Translation/reading comprehension errors included things like “كمبيوتر صغيرة” instead of “دفتر” for “notebook” and “خاتم” for “bag,” which I can only imagine came from a double error of mistaking “bag” for the French “bague” and then translating into Arabic. In any case, it was super sloppy and beneath the quality standards of even a student newspaper.

    My wife tells me stories of people being routinely caught plagiarizing in broadcast and print media with no real professional consequences, which doesn’t really surprise me given the level of cheating and plagiarism that goes on in Lebanon’s most prestigious universities.

    The worst thing is, as far as journalistic standards go, al-Akhbar is far from being the worst of the bunch.

    Posted by sean | October 22, 2011, 7:40 pm
  7. The Angry Arab correction is pretty awful. He can’t resist a final swipe at the dead guy based basically on his own prejudices about the STL. You stay classy, Angry Arab

    Posted by RT | October 22, 2011, 8:11 pm
  8. RT, not only he makes an underhanded final swipe, but he even acknowledges being asked to post the story and indirectly suggests that it is being done “à contre coeur”. Angry Arab’s conclusion is clearly pulled out of his arse, and he’s obviously not even made the effort to look up Cassese’s extensive publications (when was the last time Angry Arab pubished anything other than his 2-line blog posts or some minor book review by the way…?) I wonder if he satisfies himself with the same kind of empirical and methodological standards from his students. If Israel loves anyone, it’s probably Angry Arab himself, for reinforcing the stereotype of the hysteric and shrill Arab who can’t even be bothered to do basic research because they’re so blinded by their own wacky conspiracy theories.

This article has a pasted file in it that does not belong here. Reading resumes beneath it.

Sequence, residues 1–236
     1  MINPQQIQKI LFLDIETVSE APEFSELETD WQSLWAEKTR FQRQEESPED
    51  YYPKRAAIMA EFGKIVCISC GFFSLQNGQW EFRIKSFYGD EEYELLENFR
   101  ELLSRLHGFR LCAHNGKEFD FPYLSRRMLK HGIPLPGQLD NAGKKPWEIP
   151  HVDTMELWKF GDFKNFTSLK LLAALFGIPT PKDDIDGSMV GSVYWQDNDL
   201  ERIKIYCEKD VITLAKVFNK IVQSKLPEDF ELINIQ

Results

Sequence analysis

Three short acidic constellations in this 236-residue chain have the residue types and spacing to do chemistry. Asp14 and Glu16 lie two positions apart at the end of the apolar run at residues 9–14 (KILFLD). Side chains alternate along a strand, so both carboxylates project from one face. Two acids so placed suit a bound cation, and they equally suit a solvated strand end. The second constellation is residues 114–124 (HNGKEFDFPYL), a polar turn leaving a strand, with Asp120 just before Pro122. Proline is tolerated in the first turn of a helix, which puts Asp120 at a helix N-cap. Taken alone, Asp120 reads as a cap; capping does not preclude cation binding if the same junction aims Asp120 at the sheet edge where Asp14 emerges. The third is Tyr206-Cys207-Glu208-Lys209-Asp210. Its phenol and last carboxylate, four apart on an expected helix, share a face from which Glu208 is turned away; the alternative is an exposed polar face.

Posted by Blackstar | October 23, 2011, 2:49 am
  9. As a matter of fact, there could be an argument that the Cassese’s resignation could have accelerated his death. Events as such may cause death among the healthiest of people as well. So, i stand in support of the highest standard Omar Nashabe journalistic work.

    Posted by ibrahim muhanna | October 23, 2011, 9:49 am
  10. you’ve been just waiting for this chance to discredit al-akhbar. here is your golden nugget.

    why dont you expose cia funded now lebanon, or racist, xenophobic annahar, or saudi-owned sectarian agitating media?

    Posted by Ali | October 23, 2011, 10:02 am
  11. Ali,

    Do you dispute what QN wrote re: Omar Nashabe’s column and it’s credibility? or you are pissed off that once again the HA conspiracy theories are exposed? 😀

    Posted by danny | October 23, 2011, 12:24 pm
  12. Ali,
    Are you suggesting that if others indulge in an illegal activity then one should not uncover such activities when committed by others notables?
    If your point is that we need to be more critical of what passes for media in Lebanon then you are right but let us not get bent out of shape becasue the crticism is directed against “one of our own”.
    Actually by demonstrating with evidence the sloppy journalistic standards of what is often described as the best in Lebanon then my implication that is a strong crticism of all the others. I commend QN for taking the time to highlight a topic that is not “sexy” but yet crucial. I have often maintained that it would be next to impossible to build a dynamic democracy without a responsible media which Lebanon does not have . What we have are rags and mouthpieces. It is true that to run a profitable print media or a TV station in Lebanon is a great challenge because of the size of the market but that is not an acceptable excuse for irresponsible behaviour and low standards , when any standards are applied.

    Posted by Ghassan Karam | October 23, 2011, 12:34 pm
  13. Ali

    There are plenty of other examples from al-Akhbar of questionable reporting. This wasn’t a golden nugget. I felt it was worth commenting on b/c Nashabe is usually quite good on STL issues.

    But you seem to be suggesting that it’s ok for Al-Akhbar to editorialize in its reporting if other outlets do. I disagree.

    Posted by Qifa Nabki | October 23, 2011, 12:34 pm
  14. Let’s define what ethical Journalism and reporting should all be about … and the chances of such a news outlet thriving in any part of Lebanon.

    Posted by R2D2 | October 23, 2011, 2:24 pm
  15. How long before the “Daily Atheist” would be shut down for whatever constitutional reasons.

    Posted by R2D2 | October 23, 2011, 2:27 pm
  16. And sorry Gus, even though we sympathize with your religious tolerance in witnessing the Christian baptism of your grand daughter … what makes you think you are qualified to contribute to an Atheist news outlet?

    How does that not make you a hypocrite?

    Posted by R2D2 | October 23, 2011, 3:30 pm
  17. R2D2,
    Becaue I do not apply the term to rather pedantic and inconsequential activities 🙂

    Posted by Ghassan Karam | October 23, 2011, 6:49 pm
  18. ….another episode of people characterizing “feudal” Lebanese leaders: